Neova experiments with growing willow as a raw material for activated carbon at Karhunsuo in Kouvola
Neova’s target is to increase the use of renewable raw materials and, at the same time, promote biodiversity and carbon sequestration. The combination of these three targets will be tested during the next few years at Karhunsuo in Kouvola, where almost 20 hectares of willow cuttings have been planted.
Neova has tested willow as a raw material for activated carbon, and the initial experiments show that high quality activated carbon can be harvested from willow. The problem is sufficient supply of raw material near the production site. The company has previously experimented growing different species of trees, such as willow, as fuel wood in the 1980s at Piipsanneva in Haapavesi and Hirvineva in Liminka, among other places. Willow thrived and grew well at the former peat production sites but the product was not able to compete with wood chips.
The target at the Karhunsuo test site is to test the cultivation, harvesting and carbon sequestration of willow and, at the same time, speed up the recovery of biodiversity. Willow cuttings, about 40 cm tall and 1 cm thick sprouts, were planted in the driest areas of the old production site in June and July 2021. Overall two thirds of the 24 hectare area was cultivated and one third was left as wetland. The plantation does not reach all the way to the field ditches, which means natural restoration is not endangered. This ensures the formation of a diverse plant population, and the insect and animal populations thriving in them. 13,000–15,000 willow cuttings were planted per hectare.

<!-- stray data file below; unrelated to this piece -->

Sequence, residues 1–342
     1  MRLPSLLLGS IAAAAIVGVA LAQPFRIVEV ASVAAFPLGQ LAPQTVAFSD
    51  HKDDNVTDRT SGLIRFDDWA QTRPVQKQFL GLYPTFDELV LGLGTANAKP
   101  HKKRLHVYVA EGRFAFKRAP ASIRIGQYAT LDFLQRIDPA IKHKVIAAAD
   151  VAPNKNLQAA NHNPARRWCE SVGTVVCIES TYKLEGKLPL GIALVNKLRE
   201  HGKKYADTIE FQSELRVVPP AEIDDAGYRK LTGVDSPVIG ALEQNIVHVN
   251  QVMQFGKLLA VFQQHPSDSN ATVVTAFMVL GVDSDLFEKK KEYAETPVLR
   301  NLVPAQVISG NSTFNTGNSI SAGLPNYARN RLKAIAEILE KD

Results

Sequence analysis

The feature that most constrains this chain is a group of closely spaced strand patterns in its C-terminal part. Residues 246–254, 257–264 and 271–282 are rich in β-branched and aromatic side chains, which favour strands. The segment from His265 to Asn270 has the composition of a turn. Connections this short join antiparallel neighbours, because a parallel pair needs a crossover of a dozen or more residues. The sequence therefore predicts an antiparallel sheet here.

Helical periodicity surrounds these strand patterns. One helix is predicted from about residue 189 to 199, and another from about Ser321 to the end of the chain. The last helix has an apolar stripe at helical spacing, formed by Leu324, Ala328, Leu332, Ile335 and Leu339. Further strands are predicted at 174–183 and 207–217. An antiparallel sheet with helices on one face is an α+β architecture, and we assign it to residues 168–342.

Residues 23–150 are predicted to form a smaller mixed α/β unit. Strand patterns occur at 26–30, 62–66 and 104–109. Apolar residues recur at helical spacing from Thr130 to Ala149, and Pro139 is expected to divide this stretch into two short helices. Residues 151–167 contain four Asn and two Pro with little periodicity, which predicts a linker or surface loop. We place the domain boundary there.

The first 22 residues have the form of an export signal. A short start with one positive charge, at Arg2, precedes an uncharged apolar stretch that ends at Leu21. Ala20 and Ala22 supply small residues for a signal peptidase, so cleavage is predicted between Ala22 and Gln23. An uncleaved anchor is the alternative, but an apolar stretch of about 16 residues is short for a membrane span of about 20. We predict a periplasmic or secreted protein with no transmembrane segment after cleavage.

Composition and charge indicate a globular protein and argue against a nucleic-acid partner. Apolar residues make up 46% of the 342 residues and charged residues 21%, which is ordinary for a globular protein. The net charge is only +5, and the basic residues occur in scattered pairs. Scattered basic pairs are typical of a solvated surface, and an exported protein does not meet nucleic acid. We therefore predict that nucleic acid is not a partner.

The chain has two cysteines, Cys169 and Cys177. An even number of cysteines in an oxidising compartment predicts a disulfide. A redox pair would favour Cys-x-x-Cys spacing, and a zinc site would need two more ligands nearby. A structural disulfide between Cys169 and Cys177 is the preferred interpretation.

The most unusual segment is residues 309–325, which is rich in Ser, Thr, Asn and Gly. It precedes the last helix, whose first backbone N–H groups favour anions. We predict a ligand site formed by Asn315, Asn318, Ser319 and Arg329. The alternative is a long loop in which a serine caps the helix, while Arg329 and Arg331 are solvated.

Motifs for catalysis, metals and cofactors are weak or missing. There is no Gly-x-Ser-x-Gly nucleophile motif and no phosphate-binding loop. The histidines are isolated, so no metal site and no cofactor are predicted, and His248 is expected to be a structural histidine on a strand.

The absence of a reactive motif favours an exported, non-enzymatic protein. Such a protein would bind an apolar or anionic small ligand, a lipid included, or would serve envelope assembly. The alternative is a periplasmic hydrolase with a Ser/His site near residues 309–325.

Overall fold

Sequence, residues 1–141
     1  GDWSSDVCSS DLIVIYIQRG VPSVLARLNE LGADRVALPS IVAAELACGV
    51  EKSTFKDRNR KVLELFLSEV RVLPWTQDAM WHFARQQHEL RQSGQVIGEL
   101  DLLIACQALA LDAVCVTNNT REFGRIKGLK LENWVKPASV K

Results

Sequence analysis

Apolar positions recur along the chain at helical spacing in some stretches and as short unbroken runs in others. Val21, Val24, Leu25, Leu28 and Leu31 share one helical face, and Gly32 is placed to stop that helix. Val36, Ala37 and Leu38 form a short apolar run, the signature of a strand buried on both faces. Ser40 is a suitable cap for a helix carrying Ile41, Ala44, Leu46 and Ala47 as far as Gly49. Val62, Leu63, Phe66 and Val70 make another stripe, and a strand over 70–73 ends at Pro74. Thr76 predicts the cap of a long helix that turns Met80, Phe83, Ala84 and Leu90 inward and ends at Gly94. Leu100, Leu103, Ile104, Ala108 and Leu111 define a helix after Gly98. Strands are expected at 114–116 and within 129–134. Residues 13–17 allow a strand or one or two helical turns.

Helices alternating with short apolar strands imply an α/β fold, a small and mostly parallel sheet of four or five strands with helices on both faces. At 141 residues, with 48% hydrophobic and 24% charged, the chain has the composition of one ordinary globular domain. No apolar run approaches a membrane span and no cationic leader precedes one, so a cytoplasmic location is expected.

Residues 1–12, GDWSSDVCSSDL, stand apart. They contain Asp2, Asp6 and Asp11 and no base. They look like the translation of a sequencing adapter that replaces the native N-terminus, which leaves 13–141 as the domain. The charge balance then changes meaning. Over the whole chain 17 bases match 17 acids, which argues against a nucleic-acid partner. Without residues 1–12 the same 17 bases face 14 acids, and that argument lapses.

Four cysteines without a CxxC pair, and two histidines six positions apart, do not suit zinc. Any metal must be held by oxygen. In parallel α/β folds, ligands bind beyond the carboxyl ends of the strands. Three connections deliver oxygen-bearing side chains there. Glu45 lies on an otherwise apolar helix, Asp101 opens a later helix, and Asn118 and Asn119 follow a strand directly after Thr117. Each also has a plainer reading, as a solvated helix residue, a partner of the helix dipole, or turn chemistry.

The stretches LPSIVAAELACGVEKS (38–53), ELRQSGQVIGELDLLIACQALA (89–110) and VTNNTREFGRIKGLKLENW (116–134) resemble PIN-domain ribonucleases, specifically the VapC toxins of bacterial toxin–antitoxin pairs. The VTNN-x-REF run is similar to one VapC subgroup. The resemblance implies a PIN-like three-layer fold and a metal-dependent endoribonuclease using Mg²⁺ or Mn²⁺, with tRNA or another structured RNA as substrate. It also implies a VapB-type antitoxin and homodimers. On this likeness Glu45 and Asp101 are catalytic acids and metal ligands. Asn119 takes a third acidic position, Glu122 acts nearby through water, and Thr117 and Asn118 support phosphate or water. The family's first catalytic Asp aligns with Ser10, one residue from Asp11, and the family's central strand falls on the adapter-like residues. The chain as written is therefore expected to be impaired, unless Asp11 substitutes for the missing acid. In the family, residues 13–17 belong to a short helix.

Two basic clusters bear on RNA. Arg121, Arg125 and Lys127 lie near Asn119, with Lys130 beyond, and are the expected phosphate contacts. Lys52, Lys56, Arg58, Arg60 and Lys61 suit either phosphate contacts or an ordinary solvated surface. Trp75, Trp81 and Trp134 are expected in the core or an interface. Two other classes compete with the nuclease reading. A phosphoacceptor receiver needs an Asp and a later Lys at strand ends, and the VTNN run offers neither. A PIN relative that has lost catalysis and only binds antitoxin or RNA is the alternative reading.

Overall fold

The special feature of willow is how fast it grows. Already during the first year, willow grows tens of centimetres, and the intent is to cut the willows next summer so that the cuttings produce more new basal sprouts. This means one cutting will produce up to 10 sprouts in the third growing season. At its fastest, willow can produce 8–10 tonnes of biomass per hectare in a year in a mineral soil field. Two thirds of this is on the surface and one third is in the root systems. Once a willow field has been planted, it produces harvestable crop every 3–5 years for an estimated 20–25 years, after which the vitality of the populations start to decline.
Willow absorbs carbon dioxide from the air and binds it into its growth and root system. If the speed of growth is ideal, willow binds 10 tonnes of carbon per year. Willow growth is also an effective water evaporator.
The idea is to utilise willow as raw material in industrial processes. Willow can be used as raw material for activated carbon and biocoal, among other things. In the future, the goal is to examine the possible valuable materials that willow contains and how to utilise them.
At Neova Oy’s experimental plantation at Karhunsuo in Kouvola, a study is being conducted on whether land previously used for peat production can be used for growing willow. Peat production in the area gradually ended during 2018–2020. For willow to grow well, it requires a growing media that is of the same level of acidity and nutrients as that of field cultivation. Recycled materials such as ash and horse manure can be used for acidity control and fertilisation.
In addition to Neova, the School of Forest Sciences of the University of Eastern Finland is involved in the establishment and monitoring of the test area. The School of Forest Sciences also monitors the development of the willow growth. The cutting material came partly from the University of Eastern Finland’s willow plantation and mainly from Carbons Finland, from where the planting machine was also rented.
Despite the hot and dry summer, the willows have started to grow well.
Ahti Martikainen, Director, Communications and Public Affairs, Neova Oy, tel. +358 40 680 4723
Ari Erkkilä, Senior Specialist, Neova Oy, tel. +358 40 072 3312